An even heavier scene came at the end of the movie. The viewers knew that Lee’s wife left him and married another man with which she was pregnant with during Joe’s funeral. They both seemed to be on decent terms but Lee did show some rare emotion when he learned that she was pregnant. Towards the end of the movie Lee was walking around town when his ex-wife and her friend were walking with her new born.

Lee awkwardly said hello and met the baby. Randi’s friend then left to go pick up the car leaving the two alone in what then felt like a planned meeting by Randi. She asked Lee how he was doing and invited him to lunch sometime in the future. It was obvious that he was in pain and declined the invitation. Randi then began sobbing and apologized for the awful things she said to him (which can be assumed were said after the fire). She admitted that she still loved him and hated seeing him in his broken state of mind that she helped cause. Lee developed tears and said “I am sorry, there is nothing there” and walked away. I lost it during this conversation. One of the greatest compliments I can give a movie, a show, or a video game is that it made me cry.

Every scene in the movie before this conversation was strategically designed to make that conversation the climactic scene and as powerful as possible. Everything led to the conversation between Lee and Randi and it resulted in an unforgettable scene.

The relationship between Lee and Patrick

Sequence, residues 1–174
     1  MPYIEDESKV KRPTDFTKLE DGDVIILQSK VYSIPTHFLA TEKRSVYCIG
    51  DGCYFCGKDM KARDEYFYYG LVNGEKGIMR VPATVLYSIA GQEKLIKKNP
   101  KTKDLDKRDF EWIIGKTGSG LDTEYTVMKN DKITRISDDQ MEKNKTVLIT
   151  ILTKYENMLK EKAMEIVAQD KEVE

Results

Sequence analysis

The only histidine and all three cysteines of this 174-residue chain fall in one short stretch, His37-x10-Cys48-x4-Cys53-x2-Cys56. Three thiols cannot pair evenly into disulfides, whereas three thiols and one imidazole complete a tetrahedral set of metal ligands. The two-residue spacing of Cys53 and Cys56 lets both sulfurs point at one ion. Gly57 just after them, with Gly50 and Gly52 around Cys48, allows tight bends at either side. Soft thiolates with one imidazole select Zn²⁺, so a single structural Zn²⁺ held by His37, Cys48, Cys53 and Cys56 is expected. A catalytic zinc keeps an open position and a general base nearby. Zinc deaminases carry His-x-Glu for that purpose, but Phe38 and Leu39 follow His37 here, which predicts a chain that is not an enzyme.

The complicated relationship between Lee and Patrick is the driving force of this movie. Patrick is a mature 16 year old who is in the vulnerable state between childhood and adulthood. Two scenes involving the two which solidified their bond are particularly well done.

Lee and Patrick have an obviously contentious relationship but they still care for each other. In the latter half of the movie Patrick went upstairs into Lee’s room looking for him. As he left the bedroom he saw three pictures on his dresser and stared at them for a few seconds. The pictures are never shown but it can be assumed that they are pictures of his three kids which perished the fire that he caused.

Later in the movie at the dinner table, Lee bluntly tells Patrick his plan of transferring guardianship to a family friend so he can stay in Manchester. Lee received another maintenance job and would move out in the summer. A clearly hurt Patrick asks why Lee just can’t stay living with him in his deceased father’s home. Lee pauses and emotionally says “I can’t beat it.” Lee can’t beat the depression that came as a result of that fiery night.

In that moment Patrick knew how hard of a life Lee lives and accepted the plan to stay in Manchester. Walking home from Joe’s service Lee tells Patrick that he is looking for an apartment with a spare bedroom so Patrick can come visit at any time. This might sound like nothing, but that spare bedroom meant the two had a relationship that will never be broken. The two bounced a ball as they walked home in their black suits fully content with each other.

Manchester by the Sea ended how it began, an uncle fishing with his nephew.